Thursday, January 26, 2012

Plotting a path through the 2012 MLB Draft

It is Minor League Appreciation Week here at NoDak Twins Fan. That means the entire week's post will be dedicated to the young players who hope to one day take their place in the line-up at Target Field. These young players work tremendously hard to try and reach the ultimate dream of being a big league player and they should be recognized for efforts on the field. This week I will unveil my Top 20 Prospect List and feature some stories around the players who make their living wearing the jersey's of the Twins farm system.

Here is the schedule of posts that will be featured during the next week:
Thursday (Today): Plotting a path through the 2012 MLB Draft
Friday: Minor League Edition of Friday Links-N-Thinks
[The following is an excerpt from an article I wrote for the "2012 Minnesota Twins Prospect Handbook." If you would like to read the entire article, make sure you order a copy of the book by CLICKING HERE]
(Photo: Mike Stobe/Getty Images)
After a decade of finishing near the top of the American League Central, the Twins found themselves in a precarious position to end the 2011 season. The team finished in last place in the division and they also had the worst record in the American League. It was a tough season to follow the team but in the end the Twins have “earned” the second pick in the Major League Baseball First Year Player Draft this coming June.

All of the success of recent years has meant that the Twins were picking in the later half of every round in the draft. Since the draft is the main way a team can replenish their minor league system, it can be tough on the farm clubs to be picking that low for ten consecutive years.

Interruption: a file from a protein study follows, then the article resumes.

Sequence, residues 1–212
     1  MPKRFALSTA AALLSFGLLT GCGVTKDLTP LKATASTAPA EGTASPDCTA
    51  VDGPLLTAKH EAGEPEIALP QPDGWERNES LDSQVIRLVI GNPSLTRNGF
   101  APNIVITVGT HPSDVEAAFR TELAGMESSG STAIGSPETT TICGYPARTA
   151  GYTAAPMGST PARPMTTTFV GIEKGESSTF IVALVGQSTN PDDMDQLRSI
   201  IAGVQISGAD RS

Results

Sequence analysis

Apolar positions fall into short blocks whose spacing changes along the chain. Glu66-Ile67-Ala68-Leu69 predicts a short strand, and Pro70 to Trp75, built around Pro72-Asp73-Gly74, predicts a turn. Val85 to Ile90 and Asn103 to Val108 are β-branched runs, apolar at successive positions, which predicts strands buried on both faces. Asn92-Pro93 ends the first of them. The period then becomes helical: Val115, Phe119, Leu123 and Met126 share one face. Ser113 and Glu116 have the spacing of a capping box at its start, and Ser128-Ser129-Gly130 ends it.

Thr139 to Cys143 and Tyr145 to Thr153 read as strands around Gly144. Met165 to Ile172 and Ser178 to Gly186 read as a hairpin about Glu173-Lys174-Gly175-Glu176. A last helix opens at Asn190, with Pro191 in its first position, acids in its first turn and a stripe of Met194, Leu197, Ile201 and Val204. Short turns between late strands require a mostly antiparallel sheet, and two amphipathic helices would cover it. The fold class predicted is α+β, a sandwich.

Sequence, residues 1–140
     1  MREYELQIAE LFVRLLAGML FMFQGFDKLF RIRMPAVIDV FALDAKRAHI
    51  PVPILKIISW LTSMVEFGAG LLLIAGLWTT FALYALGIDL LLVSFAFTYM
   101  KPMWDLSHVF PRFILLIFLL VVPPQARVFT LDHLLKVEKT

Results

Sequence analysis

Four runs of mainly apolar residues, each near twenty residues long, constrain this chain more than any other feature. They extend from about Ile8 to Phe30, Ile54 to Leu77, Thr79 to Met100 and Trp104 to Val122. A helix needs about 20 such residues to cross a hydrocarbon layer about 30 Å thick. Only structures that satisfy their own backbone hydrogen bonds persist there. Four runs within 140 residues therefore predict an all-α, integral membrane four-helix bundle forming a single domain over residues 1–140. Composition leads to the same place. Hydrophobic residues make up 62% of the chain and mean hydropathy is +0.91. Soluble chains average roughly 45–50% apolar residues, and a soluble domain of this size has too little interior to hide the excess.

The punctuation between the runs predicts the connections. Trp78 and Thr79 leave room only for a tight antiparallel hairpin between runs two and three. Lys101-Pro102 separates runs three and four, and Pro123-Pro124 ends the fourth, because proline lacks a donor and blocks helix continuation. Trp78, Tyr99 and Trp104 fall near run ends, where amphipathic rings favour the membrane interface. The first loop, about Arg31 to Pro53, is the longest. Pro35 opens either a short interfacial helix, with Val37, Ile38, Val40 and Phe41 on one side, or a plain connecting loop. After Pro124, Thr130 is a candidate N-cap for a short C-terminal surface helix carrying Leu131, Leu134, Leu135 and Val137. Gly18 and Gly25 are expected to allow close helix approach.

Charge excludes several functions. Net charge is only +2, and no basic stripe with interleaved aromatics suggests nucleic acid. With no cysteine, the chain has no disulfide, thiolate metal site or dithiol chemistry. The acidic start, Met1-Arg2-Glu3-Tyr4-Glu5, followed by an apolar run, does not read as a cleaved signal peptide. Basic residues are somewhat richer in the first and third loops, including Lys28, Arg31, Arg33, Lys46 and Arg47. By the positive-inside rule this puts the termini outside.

Predicting a path for the Twins in the upcoming draft can be a difficult task since the players who will be selected still have an entire season of games in front of them. The Twins have some glaring weaknesses in the minor leagues and the draft is the best way to remedy those flaws.

The path to the big league team can take multiple routes for those that are selected in June. High school players can spend many seasons in the minor leagues to develop themselves into a mature prospect. College level players could move through the system very fast and start to help the Twins in as little as a year. Each player’s path is different and their road to Target Field is something the Twins have to consider when looking at drafting players.

Here is a look at the areas of need for the Twins and a glace to some of the players that have the possibility of being selected with the second overall pick [Player profiles are exclusively in the
2012 Minnesota Twins Prospect Handbook].

Starting Pitcher
Every team in baseball is looking for an ace to steady their rotation for the foreseeable future. The Twins have used a philosophy of finding pitch-to-contact players and it could be time for the organization to look in another direction. The team has claimed to be looking for power arms over the past year but the hurlers brought in have been rejected relief pitchers that were cast off from other organizations. The easiest and cheapest way to address a starting pitching need is to find someone in the draft and develop him in the minor leagues.

In both the 2009 and 2010 Draft, the Twins took college pitchers with their first round pick. One of those pitchers, Kyle Gibson, was on track to make his MLB debut in 2011 before Tommy John surgery forced him to the sidelines for all of next season. The other first round pick, Alex Wimmers, had a rough start to 2011. But after working on some mechanical issues for most of the season, he finished strongly with a seven-inning no-hitter.